At a recent BECC conference I was listening to a panel with Fortune 1000 company representatives discussing behavior change and energy efficiency. I took note of a question an audience member posed to the panel: “Where’s training in all of this? Why it is missing among the actions you’re taking?”
The panelists seemed perplexed and didn’t offer much response. Intrigued by the question and its importance at a conference on behavior change, I introduced myself to the person who asked it, Mick Dalrymple of the Global Institute of Sustainability at Arizona State University. It was not surprising to note that someone affiliated with the higher education sector would ask about training.
But Dalrymple wasn’t asking about higher education or professional certification or adding sustainability courses to MBA programs. He was asking about corporate training – providing employees with training on sustainability topics relevant to the company’s goals, business strategy, operations and, ultimately, their own jobs.
The logic behind his question was rather straightforward, if we look at the central role of training in guiding corporate behavior change. Consider how safety became job-one in most organizations. Or how diversity helped level the playing field, opening new doors for career opportunities and rewarding companies with more ideas as well as different perspectives, talents and insights. Think how companies and workers successfully adopted new technologies to operate more efficiently and build faster, better and more nimble capabilities.
Training has been the common thread throughout these successive waves of corporate change. Safety and quality became driving themes because substantial training and awareness were built into the effort. In fact, if one examines the guiding principles to implement these processes, the first operational steps always were training-related: encouraging companies to institute training programs, teaching leadership, encouraging learning and self-improvement, and optimizing team efforts towards quality and safety.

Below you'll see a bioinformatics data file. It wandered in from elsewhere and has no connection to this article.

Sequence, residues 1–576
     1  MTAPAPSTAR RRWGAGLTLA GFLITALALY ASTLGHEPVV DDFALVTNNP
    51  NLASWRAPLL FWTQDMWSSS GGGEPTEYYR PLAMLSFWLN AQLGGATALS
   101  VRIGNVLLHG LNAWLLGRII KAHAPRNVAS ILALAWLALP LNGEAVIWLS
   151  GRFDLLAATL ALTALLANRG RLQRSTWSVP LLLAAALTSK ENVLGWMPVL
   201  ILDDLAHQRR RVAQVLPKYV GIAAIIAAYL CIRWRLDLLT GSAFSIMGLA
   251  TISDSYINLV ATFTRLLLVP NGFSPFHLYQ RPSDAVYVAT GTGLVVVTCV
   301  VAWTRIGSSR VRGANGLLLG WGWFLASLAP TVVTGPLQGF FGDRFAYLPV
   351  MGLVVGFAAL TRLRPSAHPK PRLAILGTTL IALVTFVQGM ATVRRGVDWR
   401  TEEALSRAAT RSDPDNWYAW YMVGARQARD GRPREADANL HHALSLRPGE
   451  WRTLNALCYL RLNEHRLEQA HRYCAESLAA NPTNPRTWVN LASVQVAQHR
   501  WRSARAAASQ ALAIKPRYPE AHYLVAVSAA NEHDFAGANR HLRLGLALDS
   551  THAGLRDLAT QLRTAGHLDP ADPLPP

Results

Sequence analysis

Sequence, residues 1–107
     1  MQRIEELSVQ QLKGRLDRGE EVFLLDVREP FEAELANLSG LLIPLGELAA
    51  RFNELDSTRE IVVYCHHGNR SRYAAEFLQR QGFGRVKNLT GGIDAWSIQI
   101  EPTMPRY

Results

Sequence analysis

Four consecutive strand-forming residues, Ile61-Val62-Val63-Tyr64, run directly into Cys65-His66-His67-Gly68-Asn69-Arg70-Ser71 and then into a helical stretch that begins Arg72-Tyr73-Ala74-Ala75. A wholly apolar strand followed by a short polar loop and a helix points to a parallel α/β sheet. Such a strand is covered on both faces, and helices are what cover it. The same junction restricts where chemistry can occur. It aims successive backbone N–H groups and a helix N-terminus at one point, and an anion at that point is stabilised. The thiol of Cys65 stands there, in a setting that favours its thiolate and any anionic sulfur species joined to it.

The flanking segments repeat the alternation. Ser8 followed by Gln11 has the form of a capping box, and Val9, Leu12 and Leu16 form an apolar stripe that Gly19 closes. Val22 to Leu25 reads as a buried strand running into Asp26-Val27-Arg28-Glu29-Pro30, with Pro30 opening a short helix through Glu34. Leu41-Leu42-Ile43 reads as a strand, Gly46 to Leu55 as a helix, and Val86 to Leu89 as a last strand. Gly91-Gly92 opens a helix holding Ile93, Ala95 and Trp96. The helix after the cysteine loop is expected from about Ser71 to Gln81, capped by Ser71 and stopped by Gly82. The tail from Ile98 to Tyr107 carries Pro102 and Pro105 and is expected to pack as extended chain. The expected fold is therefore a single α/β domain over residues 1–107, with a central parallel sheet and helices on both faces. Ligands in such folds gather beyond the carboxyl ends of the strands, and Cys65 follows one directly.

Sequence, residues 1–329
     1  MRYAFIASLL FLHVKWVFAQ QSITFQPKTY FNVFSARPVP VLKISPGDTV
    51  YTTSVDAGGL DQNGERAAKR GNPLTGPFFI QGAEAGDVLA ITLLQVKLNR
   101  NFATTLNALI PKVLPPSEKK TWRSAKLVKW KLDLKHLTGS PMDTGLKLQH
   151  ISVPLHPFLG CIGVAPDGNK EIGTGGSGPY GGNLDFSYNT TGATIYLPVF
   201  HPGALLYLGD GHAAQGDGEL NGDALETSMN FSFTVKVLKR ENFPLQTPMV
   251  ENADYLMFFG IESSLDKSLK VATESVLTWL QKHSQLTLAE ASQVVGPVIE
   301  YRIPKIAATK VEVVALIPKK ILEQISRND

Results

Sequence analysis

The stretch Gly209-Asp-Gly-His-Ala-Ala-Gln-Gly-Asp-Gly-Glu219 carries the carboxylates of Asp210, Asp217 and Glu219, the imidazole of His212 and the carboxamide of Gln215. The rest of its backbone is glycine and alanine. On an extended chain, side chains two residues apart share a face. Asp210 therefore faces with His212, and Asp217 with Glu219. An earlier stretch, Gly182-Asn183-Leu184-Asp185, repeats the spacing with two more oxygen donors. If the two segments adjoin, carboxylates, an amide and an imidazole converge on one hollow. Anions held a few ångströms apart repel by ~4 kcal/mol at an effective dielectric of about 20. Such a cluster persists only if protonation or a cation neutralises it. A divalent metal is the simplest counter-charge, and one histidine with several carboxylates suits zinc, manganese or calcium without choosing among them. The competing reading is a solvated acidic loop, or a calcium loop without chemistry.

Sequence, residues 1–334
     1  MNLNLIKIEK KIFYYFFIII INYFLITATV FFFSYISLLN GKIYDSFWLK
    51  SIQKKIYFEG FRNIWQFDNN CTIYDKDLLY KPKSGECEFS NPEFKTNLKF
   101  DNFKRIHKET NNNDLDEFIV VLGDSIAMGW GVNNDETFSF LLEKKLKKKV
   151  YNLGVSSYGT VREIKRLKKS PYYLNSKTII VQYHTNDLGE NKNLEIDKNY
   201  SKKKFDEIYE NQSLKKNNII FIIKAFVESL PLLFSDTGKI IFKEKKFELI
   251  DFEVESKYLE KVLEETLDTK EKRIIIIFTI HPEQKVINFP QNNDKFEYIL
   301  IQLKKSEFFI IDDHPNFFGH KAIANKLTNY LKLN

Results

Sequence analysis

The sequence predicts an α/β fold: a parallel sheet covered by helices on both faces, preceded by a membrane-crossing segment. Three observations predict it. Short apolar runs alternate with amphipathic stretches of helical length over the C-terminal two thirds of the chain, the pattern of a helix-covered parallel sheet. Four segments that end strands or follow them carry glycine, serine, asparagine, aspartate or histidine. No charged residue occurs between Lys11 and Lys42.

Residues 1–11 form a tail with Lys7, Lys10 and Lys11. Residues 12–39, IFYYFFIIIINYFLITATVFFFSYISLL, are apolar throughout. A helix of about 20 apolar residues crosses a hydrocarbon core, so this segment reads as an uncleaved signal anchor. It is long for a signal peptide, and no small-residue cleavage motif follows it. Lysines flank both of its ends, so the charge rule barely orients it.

Diversity is nearing mainstream in many companies today because of substantial training and company commitment behind it. Corporate focus on technology for competitive advantage through the 1980s, 1990s and 2000s has made IT training an industry unto itself whether for desktop and productivity tools; networks, systems and infrastructure; or contemporary Web 2.0 collaboration and social media technologies. Throughout it all, training has benefited the company and the people who work there.
Up next: training for sustainability
If sustainability is truly a desired corporate objective that contributes to the company’s strategy and positively affects employees, customers, partners and the community around it, where is the training?
That was the essence of the subsequent conversation between Mr. Dalrymple and me. If companies are talking about sustainability goals and wanting to get more employees involved, then where is the training to help nurture it and drive change behind the effort? Equally important, with the absence of training, what’s being missed in terms of employee contributions, new insights and ideas, and other opportunities to engage people?
Learning is a proven and well-documented strategy for strong individual and corporate performance. In her book "Good Company," Laurie Bassi discusses requirements for companies to be successful in the “worthiness era” of which sustainability and being a good employer are key parts. Interestingly, her research started by studying the correlations between corporate training investments and stock market performance. Bassi found that companies with strong commitments to training attained a positive 47 percent mean change in market value (as compared to book value) whereas companies with comparatively weaker commitments averaged a 4 percent decline in value during the same three-year period.
Next page: Making training relevant